The popularity of livestreaming has grown over the years, and the number of platforms has increased alongside demand. Twitch and YouTube have emerged as major streaming giants and offer a wide selection of genres and topics, including educational content, video gaming playthroughs, music performances, and more. Children can look up live language lessons on these platforms and find various creators teaching languages uniquely and engagingly. Kids can also explore all kinds of content under the guidance of educators and parents and watch livestreams in the second language they’re learning, allowing them to see and hear how they’re spoken and used naturally. Listening to how language is used when someone is responding to live comments or reacting to what they’re watching on stream can help children boost their listening skills and learn how to speak conversationally.

Some platforms also livestream unconventional language learning content that can bring kids to the outside world and let them explore new horizons. Instead of having a teacher or a speaker conduct a livestream like a typical class, students can experience something new via the livestream. For instance, Southwest Jiaotong University set up a series of livestreams targeted toward UK and US youth to learn about giant pandas while learning and celebrating the Chinese language. Primary and secondary school students enjoyed creating stories and engaging in trivia about the pandas while connecting with Chinese youngsters to share and follow topics of global conversations, fostering cultural exchange and interaction.

Livestreaming equipment

With technological advancements emerging rapidly, livestreaming capabilities have expanded thanks to the rise of new tools. Streaming content in the current age doesn’t require a streamer to be confined to a webcam and a computer; livestreaming can easily be done through mobile phones and broadcast onto social media platforms. Wearable technology, like smart glasses, is also positioning itself in the livestreaming scene as cutting-edge equipment. The Ray-Ban Meta smart glasses support livestreaming, enabling wearers to broadcast directly onto Meta’s social media platforms like Facebook and Instagram. Since the smart glasses look like regular Wayfarer or Skyler models from the eyewear brand, they provide a seamless experience. Language teachers can use smart glasses to livestream to students and showcase how to use the language in real-world situations by conversing with others or identifying objects in their field of vision.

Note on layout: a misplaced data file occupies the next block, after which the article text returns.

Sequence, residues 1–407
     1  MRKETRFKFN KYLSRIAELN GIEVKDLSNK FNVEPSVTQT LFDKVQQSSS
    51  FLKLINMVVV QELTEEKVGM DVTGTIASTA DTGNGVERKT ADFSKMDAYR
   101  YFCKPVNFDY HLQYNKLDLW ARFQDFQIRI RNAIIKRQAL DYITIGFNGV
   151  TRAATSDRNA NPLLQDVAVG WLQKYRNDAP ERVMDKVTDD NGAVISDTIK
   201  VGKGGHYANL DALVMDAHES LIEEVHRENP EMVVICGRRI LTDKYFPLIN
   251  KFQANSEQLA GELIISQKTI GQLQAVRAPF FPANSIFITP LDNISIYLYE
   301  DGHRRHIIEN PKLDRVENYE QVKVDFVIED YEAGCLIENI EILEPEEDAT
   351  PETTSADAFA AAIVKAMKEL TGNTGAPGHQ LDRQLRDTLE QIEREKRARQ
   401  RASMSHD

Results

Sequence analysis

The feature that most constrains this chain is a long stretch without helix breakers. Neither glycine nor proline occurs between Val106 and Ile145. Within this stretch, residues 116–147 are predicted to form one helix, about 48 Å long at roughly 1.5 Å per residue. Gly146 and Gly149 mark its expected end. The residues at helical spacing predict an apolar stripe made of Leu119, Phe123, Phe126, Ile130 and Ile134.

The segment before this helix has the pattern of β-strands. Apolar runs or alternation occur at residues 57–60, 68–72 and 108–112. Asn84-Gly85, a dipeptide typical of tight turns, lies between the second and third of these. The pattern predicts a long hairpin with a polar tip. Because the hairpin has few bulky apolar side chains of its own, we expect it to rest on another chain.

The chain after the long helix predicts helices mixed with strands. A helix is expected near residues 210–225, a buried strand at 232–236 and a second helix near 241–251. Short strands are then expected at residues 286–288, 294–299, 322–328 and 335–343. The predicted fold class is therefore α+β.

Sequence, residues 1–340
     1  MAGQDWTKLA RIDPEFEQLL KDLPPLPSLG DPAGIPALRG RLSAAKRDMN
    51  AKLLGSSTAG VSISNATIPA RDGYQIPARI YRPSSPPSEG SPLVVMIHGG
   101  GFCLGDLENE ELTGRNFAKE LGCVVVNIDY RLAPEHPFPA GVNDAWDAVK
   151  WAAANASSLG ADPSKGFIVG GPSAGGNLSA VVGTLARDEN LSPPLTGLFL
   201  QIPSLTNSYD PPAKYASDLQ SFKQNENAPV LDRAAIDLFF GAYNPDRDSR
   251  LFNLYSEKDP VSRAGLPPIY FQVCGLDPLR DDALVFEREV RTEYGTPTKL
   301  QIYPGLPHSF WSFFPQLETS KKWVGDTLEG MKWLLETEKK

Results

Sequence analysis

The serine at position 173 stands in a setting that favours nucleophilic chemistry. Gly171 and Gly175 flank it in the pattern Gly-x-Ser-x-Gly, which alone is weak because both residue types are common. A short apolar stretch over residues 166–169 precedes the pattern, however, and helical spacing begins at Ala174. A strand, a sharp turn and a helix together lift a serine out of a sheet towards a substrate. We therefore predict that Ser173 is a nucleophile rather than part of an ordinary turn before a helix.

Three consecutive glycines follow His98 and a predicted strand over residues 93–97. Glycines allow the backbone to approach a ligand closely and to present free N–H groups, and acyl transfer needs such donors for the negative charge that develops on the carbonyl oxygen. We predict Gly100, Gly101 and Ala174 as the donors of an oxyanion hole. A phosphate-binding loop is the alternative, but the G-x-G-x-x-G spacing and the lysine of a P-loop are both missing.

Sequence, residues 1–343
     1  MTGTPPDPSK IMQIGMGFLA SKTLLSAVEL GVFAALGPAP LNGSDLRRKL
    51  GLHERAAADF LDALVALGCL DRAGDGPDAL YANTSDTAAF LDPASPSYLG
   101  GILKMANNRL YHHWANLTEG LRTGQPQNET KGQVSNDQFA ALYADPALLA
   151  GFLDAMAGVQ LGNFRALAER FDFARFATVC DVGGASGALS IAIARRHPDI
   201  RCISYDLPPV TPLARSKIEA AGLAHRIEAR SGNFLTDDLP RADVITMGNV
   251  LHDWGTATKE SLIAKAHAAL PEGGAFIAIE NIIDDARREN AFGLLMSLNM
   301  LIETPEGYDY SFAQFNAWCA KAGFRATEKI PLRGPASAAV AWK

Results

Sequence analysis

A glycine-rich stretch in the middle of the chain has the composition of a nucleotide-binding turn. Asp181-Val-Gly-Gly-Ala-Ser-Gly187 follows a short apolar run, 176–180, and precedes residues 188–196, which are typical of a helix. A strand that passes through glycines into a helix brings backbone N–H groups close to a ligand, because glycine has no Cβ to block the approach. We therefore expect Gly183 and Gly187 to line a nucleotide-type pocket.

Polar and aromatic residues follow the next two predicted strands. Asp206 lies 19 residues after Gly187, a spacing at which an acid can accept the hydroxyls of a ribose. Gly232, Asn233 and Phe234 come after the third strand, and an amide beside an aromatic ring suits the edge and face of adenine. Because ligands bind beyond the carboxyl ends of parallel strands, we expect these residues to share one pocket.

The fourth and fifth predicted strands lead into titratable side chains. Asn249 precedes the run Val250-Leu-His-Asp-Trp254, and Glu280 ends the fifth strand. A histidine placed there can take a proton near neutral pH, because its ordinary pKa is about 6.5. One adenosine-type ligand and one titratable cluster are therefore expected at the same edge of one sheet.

Other tools like augmented reality (AR) or virtual reality (VR) headsets can enable an immersive experience. VR can transport students directly into the target language environment, such as a visual of France for learning French or being in England when learning English. Learning becomes an interactive adventure. Kids could participate in virtual games, solve puzzles, or even have conversations with virtual characters in the language they’re learning. Headsets like the Apple Vision Pro can also be connected to devices like a computer or phone so others can see what the wearer is seeing by livestreaming the visuals, allowing everyone to participate.

Technology has revolutionised language learning in the 21st century, offering digital solutions like livestreaming to enhance children’s experience and hone their skills. English Club TV offers the same level of ease and accessibility for second language learning in the modern age. Young viewers can tune in from the TV or phone to learn something new and boost their English language abilities daily.

Article written by Rose Jennings